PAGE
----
The economy, while still struggling to pick up momentum following the Great Recession, grew at a faster pace than economists had forecast in the second quarter. There was also an encouraging report on hiring.
The news on growth was encouraging, said Peter Cardillo, chief market economist at Rockwell Global Capital, because it suggested the economy is recovering strongly enough to grow without stimulus from the Federal Reserve. The central bank is buying $85 billion of bonds a month to hold down interest rates and encourage borrowing.
"We did get some surprisingly strong economic numbers today," said Cardillo. "The market is taking this news optimistically. It points to the economy not needing crutches anymore."
The U.S. economy expanded at an annual rate of 1.7 percent from April through June as businesses spent more and the federal government cut less spending, the Commerce Department said Wednesday. Economists had expected growth of 1 percent for the period, according to the data provider FactSet.
Investors were also waiting for word from the Fed later Wednesday. The U.S. central bank will release an updated policy statement after concluding its latest two-day meeting.
The Dow Jones industrial average rose 58 points, or 0.4 percent, to 15,576 as of 12:30 p.m. Eastern Daylight Time. The Dow is on its way to beating its previous record high close of 15,567 reached on July 23.
The Standard & Poor's 500 index rose seven points, or 0.4 percent, to 1,694. The Nasdaq composite gained 16 points, or 0.6 percent, to 3,636.
On the last trading day of July, the Standard & Poor's 500 index was up 5.3 percent for the month. If it holds those gains, the index will log its best month since Oct. 2011. The stock market has surged in July after Fed Chairman Ben Bernanke assured investors that the central bank was in no hurry to withdraw its stimulus.
Investors also reacted to the economic growth report by selling bonds. The yield on the 10-year Treasury note rose to 2.67 percent from 2.61 percent the day before, and is close to its highest level in two years. The note's yield, which moves inversely to its price, has risen this year on signs that the economy is improving.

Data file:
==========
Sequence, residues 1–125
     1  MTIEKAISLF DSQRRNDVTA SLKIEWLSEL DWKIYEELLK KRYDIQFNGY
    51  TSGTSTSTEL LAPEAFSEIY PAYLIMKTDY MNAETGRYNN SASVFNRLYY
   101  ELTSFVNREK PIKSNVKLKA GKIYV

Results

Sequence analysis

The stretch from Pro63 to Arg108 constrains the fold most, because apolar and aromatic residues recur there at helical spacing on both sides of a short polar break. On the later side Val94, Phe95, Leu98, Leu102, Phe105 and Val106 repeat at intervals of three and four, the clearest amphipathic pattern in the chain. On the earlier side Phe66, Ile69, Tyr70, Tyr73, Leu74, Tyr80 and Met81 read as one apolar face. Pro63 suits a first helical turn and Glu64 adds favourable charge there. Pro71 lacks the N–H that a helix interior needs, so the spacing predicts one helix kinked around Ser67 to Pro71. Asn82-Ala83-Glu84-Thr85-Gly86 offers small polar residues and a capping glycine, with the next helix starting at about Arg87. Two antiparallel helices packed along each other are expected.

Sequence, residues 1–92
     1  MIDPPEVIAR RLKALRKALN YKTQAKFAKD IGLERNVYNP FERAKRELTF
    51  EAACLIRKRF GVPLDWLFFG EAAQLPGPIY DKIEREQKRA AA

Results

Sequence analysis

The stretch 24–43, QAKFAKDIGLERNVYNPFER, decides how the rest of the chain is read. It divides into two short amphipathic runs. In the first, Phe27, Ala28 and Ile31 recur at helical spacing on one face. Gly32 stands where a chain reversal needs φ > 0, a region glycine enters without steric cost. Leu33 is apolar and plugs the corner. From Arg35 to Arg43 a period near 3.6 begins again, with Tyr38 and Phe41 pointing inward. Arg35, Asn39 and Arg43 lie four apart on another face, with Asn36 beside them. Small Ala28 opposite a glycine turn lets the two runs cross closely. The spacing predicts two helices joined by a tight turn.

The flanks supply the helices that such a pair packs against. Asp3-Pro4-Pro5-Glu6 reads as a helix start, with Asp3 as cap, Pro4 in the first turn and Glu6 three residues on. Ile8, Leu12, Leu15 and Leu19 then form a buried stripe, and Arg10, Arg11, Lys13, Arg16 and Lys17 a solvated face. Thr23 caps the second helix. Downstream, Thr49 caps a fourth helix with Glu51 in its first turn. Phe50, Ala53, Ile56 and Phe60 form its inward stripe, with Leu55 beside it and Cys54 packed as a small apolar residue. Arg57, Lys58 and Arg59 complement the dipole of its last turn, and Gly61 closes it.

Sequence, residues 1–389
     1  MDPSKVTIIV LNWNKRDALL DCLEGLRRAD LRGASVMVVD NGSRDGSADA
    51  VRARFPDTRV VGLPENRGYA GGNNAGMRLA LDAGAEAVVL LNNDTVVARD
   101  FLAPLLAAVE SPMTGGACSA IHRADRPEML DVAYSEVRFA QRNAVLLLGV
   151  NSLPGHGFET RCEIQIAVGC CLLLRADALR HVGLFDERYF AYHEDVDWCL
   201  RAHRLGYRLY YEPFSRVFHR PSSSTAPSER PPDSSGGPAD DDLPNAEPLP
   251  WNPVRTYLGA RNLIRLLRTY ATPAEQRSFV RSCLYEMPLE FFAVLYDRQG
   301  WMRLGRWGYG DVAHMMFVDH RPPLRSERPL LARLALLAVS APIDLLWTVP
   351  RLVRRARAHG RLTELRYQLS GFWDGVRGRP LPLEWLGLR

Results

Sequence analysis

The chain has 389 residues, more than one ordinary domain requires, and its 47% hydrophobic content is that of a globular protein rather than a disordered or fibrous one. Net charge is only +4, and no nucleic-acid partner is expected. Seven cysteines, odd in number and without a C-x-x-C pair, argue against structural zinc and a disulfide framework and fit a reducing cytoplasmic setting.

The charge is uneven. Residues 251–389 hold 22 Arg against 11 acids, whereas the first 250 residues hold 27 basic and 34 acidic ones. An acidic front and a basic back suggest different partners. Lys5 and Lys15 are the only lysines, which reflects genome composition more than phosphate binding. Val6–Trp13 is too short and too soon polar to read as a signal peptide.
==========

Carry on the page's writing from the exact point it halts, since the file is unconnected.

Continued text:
Investors tend to sell ultra-safe U.S. government bonds, forcing yields to go higher, when they anticipate a pickup in economic growth. Investors are also expecting that improving U.S. growth will prompt the Federal Reserve to ease back on its bond-buying program.
The encouraging news on hiring came ahead of the government's monthly jobs survey due out Friday.
U.S. businesses created a healthy 200,000 jobs this month, payroll company ADP said, as companies hired at the fastest pace since December. ADP also raised its estimate of the number of jobs the private sector created in June.
Investors were also tracking company earnings.
Comcast rose $2.16, or 5.8 percent, to $39.42 after the parent company of the NBC network and Universal Studios reported earnings and revenue that exceed analysts' expectations in the second quarter.
Software company Symantec, which makes the Norton antivirus software, surged after the company reported earnings and revenue that beat analysts' forecasts. The stock rose $1.84, or 7.6 percent, to $26.19.
Analysts are currently forecasting that second-quarter earnings rose an average of 4.75 percent for S&P 500 companies, according to S&P Capital IQ. That would be the slowest rate of growth in three quarters.
In commodities trading, the price of oil rose $1.17, or 1.1 percent, to $104.25 a barrel. Gold dropped $14.50, or 1.1 percent, to $1,310.60 an ounce.
Among other stocks making big moves:
- Air Products & Chemicals rose $2.97, or 2.8 percent, to $108.50 after the Wall Street journal reported that activist investor William Ackman had bought a 9.8 percent stake in the gas company.
- Herbalife rose $5.16, or 8.7 percent, to $65.25 after CNBC reported that the veteran hedge fund investor George Soros had taken a stake in the company. Herbalife has been at the center of a battle between investors Ackman and Carl Ichan, who are taking opposing positions in the stock.